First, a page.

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Fischerspooner - Sir (Album Review)

Monday, 19 February 2018 Written by Jacob Brookman

Photo: Rinalto Sata

As one of the key progenitors of electroclash, New York’s Fischerspooner have always embodied a particular form of smashy, digital camp. While the songwriting on their fourth album, 'Sir' lacks hooks, it is a record of intense, virile creativity that develops their sound a full nine years after the release of their previous album, ‘Entertainment’.

There are some very fine turns here. Togetherness, which features former Chairlift singer Caroline Polachek, is a strange, reggae-infused tingler, rich in vocal sequencing and blippy fantasia. Like much of ‘Sir’, it evades easy compositional categorisation.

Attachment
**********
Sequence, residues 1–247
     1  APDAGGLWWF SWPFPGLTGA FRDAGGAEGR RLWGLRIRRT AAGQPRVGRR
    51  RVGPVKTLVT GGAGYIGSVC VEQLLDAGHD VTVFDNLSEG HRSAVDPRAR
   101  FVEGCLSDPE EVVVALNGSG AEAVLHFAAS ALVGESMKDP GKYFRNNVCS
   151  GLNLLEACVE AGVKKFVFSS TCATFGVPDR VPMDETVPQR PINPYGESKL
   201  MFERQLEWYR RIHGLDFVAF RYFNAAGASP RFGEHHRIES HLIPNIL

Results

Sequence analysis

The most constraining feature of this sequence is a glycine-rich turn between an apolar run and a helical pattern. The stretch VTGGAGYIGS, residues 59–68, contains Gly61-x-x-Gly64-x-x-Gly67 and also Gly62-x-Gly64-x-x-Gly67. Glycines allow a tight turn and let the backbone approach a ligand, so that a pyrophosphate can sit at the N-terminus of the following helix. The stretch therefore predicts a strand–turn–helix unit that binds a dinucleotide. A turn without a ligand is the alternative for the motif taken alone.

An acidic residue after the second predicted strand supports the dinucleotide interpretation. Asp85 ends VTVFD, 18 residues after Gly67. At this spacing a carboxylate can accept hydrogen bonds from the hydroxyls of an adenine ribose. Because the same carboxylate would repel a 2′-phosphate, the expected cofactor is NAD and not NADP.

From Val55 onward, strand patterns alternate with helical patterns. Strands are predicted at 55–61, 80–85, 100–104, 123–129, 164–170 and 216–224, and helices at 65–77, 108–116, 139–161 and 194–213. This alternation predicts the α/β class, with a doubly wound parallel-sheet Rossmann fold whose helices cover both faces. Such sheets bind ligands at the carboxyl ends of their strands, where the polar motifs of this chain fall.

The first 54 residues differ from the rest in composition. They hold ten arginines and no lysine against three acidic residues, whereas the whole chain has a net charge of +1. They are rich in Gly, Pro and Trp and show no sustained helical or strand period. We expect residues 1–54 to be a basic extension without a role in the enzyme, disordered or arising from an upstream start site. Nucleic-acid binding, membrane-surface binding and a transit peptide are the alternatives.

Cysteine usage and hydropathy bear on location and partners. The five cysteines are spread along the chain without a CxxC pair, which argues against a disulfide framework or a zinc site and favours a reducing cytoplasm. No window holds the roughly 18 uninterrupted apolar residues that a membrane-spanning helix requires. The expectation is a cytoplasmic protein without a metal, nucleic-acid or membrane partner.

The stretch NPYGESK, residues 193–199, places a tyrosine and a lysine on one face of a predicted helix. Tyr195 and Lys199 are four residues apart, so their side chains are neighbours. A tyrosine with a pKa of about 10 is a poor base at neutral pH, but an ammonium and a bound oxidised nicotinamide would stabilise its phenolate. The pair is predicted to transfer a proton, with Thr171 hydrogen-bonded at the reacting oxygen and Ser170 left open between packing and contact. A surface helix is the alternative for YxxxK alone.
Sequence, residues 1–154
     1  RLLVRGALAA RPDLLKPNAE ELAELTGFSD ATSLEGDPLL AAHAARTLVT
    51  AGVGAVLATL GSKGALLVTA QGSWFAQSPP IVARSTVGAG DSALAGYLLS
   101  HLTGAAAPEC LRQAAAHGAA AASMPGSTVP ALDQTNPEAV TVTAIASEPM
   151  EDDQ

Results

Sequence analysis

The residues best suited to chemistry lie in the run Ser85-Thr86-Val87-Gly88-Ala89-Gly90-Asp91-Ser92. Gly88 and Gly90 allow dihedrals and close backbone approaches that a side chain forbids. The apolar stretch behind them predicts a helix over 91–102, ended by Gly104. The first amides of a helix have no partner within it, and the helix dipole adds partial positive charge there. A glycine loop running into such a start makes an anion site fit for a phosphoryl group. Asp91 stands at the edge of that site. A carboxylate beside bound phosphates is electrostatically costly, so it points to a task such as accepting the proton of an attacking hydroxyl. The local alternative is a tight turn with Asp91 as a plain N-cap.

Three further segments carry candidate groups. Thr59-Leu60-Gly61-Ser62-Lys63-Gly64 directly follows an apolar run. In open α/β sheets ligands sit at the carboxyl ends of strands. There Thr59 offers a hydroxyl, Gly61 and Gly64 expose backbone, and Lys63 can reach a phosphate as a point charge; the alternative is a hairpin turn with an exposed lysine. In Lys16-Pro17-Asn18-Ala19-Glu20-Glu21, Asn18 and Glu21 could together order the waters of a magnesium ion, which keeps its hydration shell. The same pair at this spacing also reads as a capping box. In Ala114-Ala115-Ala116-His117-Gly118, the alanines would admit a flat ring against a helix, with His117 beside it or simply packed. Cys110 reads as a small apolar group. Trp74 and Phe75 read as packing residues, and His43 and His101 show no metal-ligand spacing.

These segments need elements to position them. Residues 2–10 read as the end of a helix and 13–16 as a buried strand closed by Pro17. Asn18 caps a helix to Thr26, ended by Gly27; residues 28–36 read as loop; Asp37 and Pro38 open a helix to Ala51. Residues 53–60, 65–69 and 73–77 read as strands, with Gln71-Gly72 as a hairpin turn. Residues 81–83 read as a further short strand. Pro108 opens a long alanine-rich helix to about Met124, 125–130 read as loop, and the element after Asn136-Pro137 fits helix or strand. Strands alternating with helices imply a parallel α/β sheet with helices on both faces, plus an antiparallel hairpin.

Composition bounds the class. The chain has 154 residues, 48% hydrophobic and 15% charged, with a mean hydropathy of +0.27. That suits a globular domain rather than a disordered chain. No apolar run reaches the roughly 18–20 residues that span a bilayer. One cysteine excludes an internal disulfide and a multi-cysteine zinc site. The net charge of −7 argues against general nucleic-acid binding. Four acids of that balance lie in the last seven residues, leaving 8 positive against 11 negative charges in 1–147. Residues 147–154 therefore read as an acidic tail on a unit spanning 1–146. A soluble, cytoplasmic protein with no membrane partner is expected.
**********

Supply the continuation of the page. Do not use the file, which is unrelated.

With production duties being handled by REM’s Michael Stipe, the songs remain intensely esoteric and left-field. In many ways, that may be down to the distinctiveness of Warren Fischer’s synth arrangements: they free up the songwriting to be as idiosyncratic as the duo wants.

Another good example arrives with Everything is Just Alright - a sinister banger built around a menacing bass riff that must go straight through you when played live.

One can almost taste the smoke machines as the track builds to its climax: “Everything-ging-ging is just alright.” The use of this motif hammers home the unaffected nature of the lyricism. It’s a bit silly and effete, but it’s completely its own thing.

For all its uniqueness, though, ‘Sir’ does not quite amaze. Fischerspooner are a band and an idea that is highly attractive, and they deserve their place in the organogram of EDM. But the songs don’t quite have the pizazz of the artistic concept. 'Sir' is a bit of a legacy release: like recent offerings by Depeche Mode and Erasure, it caters for its audience with great integrity and craft, but it no longer has the edge upon which it originally traded.





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